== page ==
Linux In a Windows Network with SAMBA
by Mark Rais, Senior Editor ReallyLinux.com
Integrating Fedora Linux into a Windows
network is reasonable and easy as long as you use the SAMBA
utilities. I share the main steps necessary to implement such a
SAMBA server within most Windows environments.
Once integrated a Linux
server looks and acts exactly like any other server on a Windows
intranet. You will have the ability to drag and drop files,
view server contents and directories using Windows File Manager, and
even edit files on a Linux server from any Windows desktop.
This article is a guide to setting up a
full fledged FEDORA LINUX/SAMBA server. If you need basic steps for
connecting Linux with Windows please read my article
Windows to Linux: Basic Networking. If you're a system administrator
and are planning to integrate the Linux server into your AD server
environment, I'm sorry I do not go into details how to configure
smb.conf for ADS usernames, although it can be done. I will walk you
through the main steps for installing a SAMBA Server. This, in my
opinion, is the first part to any future more advanced integration.
First, you must allow the Linux server
full rights and access to the Windows workgroup and local domain.
That means that either in your Active Server environment you need to
reserve an IP address for the Linux server, or you simply need to
ensure a hard coded IP address is given to the Linux server. The
server must have a reserved IP address whether you deliver it via
DHCP or statically assign it in the DNS. This also means that you
need to ALLOW SMB DAEMON to operate. You can ensure your system security
does this by editing your Firewall setup or using system-config-securitylevel
Second, you must ensure that SAMBA
(SAMBA tools and the SMB protocol) is installed and running on the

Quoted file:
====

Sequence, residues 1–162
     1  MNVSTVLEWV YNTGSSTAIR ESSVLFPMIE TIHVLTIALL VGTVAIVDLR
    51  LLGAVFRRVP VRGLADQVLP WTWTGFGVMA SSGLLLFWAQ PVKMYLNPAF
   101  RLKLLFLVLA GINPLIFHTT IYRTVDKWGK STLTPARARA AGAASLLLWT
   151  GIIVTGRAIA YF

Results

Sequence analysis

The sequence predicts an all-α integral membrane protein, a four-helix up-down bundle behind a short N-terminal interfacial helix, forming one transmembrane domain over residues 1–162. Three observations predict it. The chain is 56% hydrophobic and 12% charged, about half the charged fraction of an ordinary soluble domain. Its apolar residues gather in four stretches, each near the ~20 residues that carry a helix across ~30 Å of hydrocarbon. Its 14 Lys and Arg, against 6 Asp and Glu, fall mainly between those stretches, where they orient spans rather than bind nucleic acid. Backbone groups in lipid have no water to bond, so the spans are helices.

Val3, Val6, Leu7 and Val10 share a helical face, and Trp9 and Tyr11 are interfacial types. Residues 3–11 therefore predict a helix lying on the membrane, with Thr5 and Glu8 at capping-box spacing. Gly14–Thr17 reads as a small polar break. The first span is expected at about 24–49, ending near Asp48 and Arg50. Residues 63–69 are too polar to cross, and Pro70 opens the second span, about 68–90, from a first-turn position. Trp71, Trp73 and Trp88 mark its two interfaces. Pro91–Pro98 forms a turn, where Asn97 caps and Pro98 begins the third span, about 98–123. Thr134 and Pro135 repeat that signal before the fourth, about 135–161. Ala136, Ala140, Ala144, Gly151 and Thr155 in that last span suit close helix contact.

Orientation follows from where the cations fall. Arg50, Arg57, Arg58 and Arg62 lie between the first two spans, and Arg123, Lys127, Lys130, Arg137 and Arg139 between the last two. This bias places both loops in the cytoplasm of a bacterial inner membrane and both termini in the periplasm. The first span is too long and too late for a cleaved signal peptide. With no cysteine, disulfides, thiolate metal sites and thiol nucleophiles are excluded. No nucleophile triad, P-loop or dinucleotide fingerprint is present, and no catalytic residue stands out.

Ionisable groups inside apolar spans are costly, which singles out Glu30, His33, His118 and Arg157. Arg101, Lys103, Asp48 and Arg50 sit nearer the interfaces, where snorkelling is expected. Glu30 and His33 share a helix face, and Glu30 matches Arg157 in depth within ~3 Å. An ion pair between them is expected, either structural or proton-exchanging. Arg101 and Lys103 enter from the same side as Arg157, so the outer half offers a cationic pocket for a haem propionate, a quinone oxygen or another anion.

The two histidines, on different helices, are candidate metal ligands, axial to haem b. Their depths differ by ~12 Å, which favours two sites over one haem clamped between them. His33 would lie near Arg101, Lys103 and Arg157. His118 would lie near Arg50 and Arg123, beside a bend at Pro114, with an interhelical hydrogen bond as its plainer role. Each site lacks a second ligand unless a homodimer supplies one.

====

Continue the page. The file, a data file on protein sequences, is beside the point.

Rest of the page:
Linux server. Most versions of Fedora come with the necessary
packages. You should also be sure to update your SAMBA security levels properly
if you are having trouble accessing a shared directory. This is found under
Samba Server Configuration tool, main menu Properties, option Server Settings, and then the tab: Security.
Now you are
ready to configure your Fedora Linux/SAMBA machine... aka. SAMBA
For further troubleshooting these two
webpages may be helpful as well:
Samba Tech Doc
Samba Troubleshooting: Unknown User
EDITING THE SMB.CONF FILE
If you must edit the smb.conf file here
are a few pointers:
1. Find your smb.conf file
The smb.conf file contains the key
elements for configuring your SAMBA server. It is almost always
located in the directory /etc/samba and so you get to it with the
command: cd /etc/samba
2. Edit the smb.conf file
First use this command to make a backup
of your file: cp smb.conf smb.conf.backup
3. Now edit the smb.conf file using
your favorite text editor.
One of the most important lines is
# workgroup = NT-Domain-Name or
workgroup = workgroup
Be sure that the workgroup matches the
Windows workgroup you want this server in. In the example it is set
If you're editing this file to allow
for WindowsNT or ADS usernames, be sure next to wins server you
specify the correct LINUX server IP address:
wins server = 10.1.2.20
The Share Definitions section is MOST
VITAL. Under this section you must at least ensure that the username
file is mapped correctly. In the basic example I am writing about
you will map to the standard SAMBA username file.
username map =
Notice that I've removed the ; so this
parameter is actually used.
Now test that every change you've made
at least passes the parameter test. At the command prompt type:
You should see zero errors.
4. Don't forget once you edit the
smb.conf file you either need to run the command:
or you can simply reboot the server.
But please do one of these or your changes will not get picked up!
If you run into problems or this part
fails, download this example smb.conf file or
restore your .backup file and try again.
INTEGRATING WITH MICROSOFT ADS OR NT
Maybe at this point you're in dire need
to figure out how to use the SAME exact logins/password for users on
the LINUX/SAMBA server as in the rest of your ADS environment. I
promised I would avoid the details of this but here are some helpful
tips. In the smb.conf file you will need to add the obvious
configuration lines for ADS, but also be sure to change this line:
unix password sync = yes
This is vital!
You may benefit from reviewing these
two articles regarding username logins:
Samba Guide on ADS
Samba HOW-TO ADS Membership
Mark Rais has written several books and numerous articles on integrating Linux and Windows for a number of magazines. Besides serving as managing editor for reallylinux.com, Rais dedicates his time to helping solve the technology issues for government and businesses.
UPDATED version 4.34
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